Oakland Towne Center, Pontiac, MI

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At the center of Pontiac, MI sits a 15-story art deco building known as the Oakland Towne Center:

Pontiac, halfway between Detroit and Lansing, is the birthplace of Madonna and Jack Kevorkian. It is the once-home of Pontiac Cars and the seat of Oakland County, the wealthiest county in Michigan. In 2017, Michigan Public Radio wrote that Pontiac is “a city that seems to be defined by things that are dying or just not there anymore.”

Constructed in 1929, this building was built as a new home for the Pontiac State Bank. At the time, Pontiac was home to nearly 65,000 residents, an explosion from what had been a sub-10k population at the turn of the 20th century.

A full-page spread dedicated to the bank’s opening in the Detroit Jewish News writes that: “To us this building is, and will ever be, a witness to a man’s triumph over difficult odds….”

The quote is referring to the efforts of the Bank’s President, Jacob Kovinsky, a polish immigrant who—having only $213 dollars to his name— chose to come to Pontiac because the city was “rampant with possibilities.” He began by buying and selling scrap metal, working his way up to become a prominent businessman in the community and eventually spearheading the construction of this building, the city’s first skyscraper.

The Pontiac State Bank was later bought by the National Bank of Detroit in 1983, which in turn was eventually purchased by JP Morgan. This merger was facilitated by deregulation in the 1980s and 1990s that moved the banking industry to greater consolidation and conglomeration:

“The number of banks on the FDIC's rolls declined from 14,392 to 7,511 between 1984 and 2004, the proportion of the assets in the banking sector held by the 10 biggest banks increased sharply to almost 60%, by 2005.”

Today, the Oakland Towne Center building is unused, but it is in talks to be redeveloped by the Indian Hill District investment group:

“The largest of the projects would be a $15.6 million renovation of the 135,000-square-foot Oakland Towne Center at 28 N. Saginaw St., a 15-story building that would be converted into nearly 100 loft apartments and 40,000 square feet of Class A office space, plus retail and restaurant space.”

This move follows industrial reinvestment into the city (see below).

The history of the Oakland Towne Center building has paralleled the boom-bust cycles of the local Pontiac economy, which in turn has paralleled the stories of many Michigan towns.

Originally, the area was settled by Odawa Indians. Over the course of the 19th century, the Odawa were pressured to cede all of their lands in Michigan and were moved to areas of Kansas.

In 1818—after the tribes had already ceded the majority of their land—a group of investors named the new city Pontiac in honor of the leader of the Odawa in the 1700s.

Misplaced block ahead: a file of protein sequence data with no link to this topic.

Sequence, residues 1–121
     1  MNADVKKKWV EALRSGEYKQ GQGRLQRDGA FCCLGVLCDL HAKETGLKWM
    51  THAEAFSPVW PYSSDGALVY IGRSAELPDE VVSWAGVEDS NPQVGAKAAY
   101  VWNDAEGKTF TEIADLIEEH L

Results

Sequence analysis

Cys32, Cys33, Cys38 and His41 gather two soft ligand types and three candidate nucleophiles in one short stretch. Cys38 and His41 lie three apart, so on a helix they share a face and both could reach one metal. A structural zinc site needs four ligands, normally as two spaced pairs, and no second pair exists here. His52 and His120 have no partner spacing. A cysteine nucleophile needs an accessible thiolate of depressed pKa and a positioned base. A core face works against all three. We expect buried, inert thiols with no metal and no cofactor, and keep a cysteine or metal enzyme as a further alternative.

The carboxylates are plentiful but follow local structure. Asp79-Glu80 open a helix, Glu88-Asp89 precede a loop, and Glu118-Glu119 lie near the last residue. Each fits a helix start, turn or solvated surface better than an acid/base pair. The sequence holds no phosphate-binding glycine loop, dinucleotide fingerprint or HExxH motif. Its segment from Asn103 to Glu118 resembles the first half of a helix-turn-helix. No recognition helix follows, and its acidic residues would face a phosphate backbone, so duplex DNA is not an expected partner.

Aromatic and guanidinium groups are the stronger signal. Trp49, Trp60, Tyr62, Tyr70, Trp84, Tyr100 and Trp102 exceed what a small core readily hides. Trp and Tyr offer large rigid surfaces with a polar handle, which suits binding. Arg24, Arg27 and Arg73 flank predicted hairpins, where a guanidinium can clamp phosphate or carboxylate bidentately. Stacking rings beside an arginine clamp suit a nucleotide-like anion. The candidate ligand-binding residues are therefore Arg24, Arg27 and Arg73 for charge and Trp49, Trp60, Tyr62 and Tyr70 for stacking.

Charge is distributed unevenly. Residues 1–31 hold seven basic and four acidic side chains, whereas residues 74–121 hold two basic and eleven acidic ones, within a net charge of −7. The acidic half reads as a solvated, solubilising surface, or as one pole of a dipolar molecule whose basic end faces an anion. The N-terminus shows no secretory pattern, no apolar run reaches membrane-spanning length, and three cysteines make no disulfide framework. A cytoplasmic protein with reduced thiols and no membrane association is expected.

The top of the Oakland Towne Center pays homage to Chief Pontiac:

After settlement, Pontiac became a mill town. As industrialization progressed, it grew first into a hotspot for the carriage industry, and then a hub for the horseless carriage industry at the turn of the 20th century:

“Pontiac found itself at the center of the American industrial revolution.” (source)

By the 1920s, Pontiac was home to several automotive assembly plants. It was a destination for thousands of Black Americans fleeing Jim Crow Laws in the south during the Great Migration. In 1930, the city had a payroll of $24 million (about $400 million in today’s dollars). It was during this zenith that the Oakland Towne Center building opened.

In the 1930s, the Great Depression devastated both the Pontiac and US economy. While the US economy grew rapidly after WW2, Pontiac stagnated due to a confluence of factors, often grouped broadly into the trend of suburbanization.

Several government plans to redevelop the city in the 1960s and 1970s failed.

In the 2000s, The Great Recession, and the bankruptcy of General Motors, lead to the death of the Pontiac car and the further gutting of Pontiac:

“The problem in Pontiac is probably just a microcosm of what exists in many other cities in the country in the sense that [local government] revenue is declining rapidly.” (source).

Unemployment in the city soared above 30% and Michigan placed the city under the jurisdiction of emergency management, who championed wholesale budget cuts:

“The city workforce has been slashed from 600 to only 50, while nearly all city assets have been sold off to private companies and nearly all city services have been outsourced, privatized or transferred to other jurisdictions.” (source).

As of 2020, following the development of Detroit, Pontiac is seeing a tentative resurgence. As one headline reads:“With 38 active building projects, Pontiac seeing biggest boom since GM days.”

This includes industry moving back to the area:

“New businesses are opening in town and development projects are giving residents hope for a brighter future…employers range from engine manufacturer Williams International, which moved to the city last year, to retail giant Amazon, which plans to build fulfillment and distribution centers on the site of the former Pontiac Silverdome starting [in 2020] in a $250 million project that will create 1,500 jobs.”

The trend is further supported by a change in living preferences among young people—the second reversal the Oakland Towne Center has seen during its lifetime. As article reads:

“With millennials' desire to live, work and play in downtown settings, many people are expressing support in the rebirth of Pontiac to be the bookend on the other side of the Woodward corridor.”

A postcard from the 20s or 30s depicts the Oakland Towne Center building: